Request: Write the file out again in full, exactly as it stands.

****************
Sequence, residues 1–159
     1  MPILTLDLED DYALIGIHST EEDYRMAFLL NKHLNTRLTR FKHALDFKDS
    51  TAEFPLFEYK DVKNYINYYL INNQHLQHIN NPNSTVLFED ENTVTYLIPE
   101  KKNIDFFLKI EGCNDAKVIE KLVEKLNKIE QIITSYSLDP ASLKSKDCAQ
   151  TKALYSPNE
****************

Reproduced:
Sequence, residues 1–159
     1  MPILTLDLED DYALIGIHST EEDYRMAFLL NKHLNTRLTR FKHALDFKDS
    51  TAEFPLFEYK DVKNYINYYL INNQHLQHIN NPNSTVLFED ENTVTYLIPE
   101  KKNIDFFLKI EGCNDAKVIE KLVEKLNKIE QIITSYSLDP ASLKSKDCAQ
   151  TKALYSPNE